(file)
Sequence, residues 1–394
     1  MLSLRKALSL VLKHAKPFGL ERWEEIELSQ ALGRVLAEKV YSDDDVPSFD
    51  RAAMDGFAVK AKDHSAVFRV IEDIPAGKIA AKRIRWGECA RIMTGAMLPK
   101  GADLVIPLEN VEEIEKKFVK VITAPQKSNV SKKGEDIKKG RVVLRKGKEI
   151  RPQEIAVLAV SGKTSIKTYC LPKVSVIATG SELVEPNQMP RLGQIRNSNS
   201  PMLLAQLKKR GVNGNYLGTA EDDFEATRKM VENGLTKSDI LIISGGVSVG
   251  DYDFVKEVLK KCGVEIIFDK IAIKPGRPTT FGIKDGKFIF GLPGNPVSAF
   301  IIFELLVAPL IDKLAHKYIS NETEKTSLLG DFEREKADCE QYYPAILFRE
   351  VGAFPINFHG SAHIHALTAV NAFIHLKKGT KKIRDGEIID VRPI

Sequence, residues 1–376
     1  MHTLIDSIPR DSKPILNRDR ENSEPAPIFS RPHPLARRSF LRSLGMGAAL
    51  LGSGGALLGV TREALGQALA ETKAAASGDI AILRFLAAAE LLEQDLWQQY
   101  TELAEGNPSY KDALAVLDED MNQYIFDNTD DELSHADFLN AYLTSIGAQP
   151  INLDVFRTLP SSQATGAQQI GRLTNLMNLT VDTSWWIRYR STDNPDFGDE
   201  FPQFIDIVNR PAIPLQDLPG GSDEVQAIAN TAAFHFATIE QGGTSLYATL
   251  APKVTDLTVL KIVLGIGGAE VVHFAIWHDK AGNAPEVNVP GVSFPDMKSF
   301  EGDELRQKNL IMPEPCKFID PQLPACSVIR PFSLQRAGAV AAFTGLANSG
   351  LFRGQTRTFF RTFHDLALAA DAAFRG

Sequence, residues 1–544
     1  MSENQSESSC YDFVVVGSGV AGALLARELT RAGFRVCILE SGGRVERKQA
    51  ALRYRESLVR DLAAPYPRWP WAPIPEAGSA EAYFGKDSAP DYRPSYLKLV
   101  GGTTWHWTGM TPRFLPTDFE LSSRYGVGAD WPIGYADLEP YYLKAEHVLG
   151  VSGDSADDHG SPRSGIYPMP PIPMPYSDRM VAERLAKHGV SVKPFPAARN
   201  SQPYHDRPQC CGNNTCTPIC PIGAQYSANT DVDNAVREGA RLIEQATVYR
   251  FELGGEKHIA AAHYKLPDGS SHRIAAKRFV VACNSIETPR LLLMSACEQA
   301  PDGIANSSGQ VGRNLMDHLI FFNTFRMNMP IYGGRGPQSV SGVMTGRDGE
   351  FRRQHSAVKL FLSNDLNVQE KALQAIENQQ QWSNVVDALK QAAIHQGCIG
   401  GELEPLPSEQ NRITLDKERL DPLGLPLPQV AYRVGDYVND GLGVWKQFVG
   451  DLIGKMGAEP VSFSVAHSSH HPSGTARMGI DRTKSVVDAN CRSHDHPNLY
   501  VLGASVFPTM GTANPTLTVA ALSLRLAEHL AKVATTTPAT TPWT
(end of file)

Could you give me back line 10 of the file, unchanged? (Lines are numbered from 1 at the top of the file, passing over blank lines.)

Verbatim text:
Sequence, residues 1–376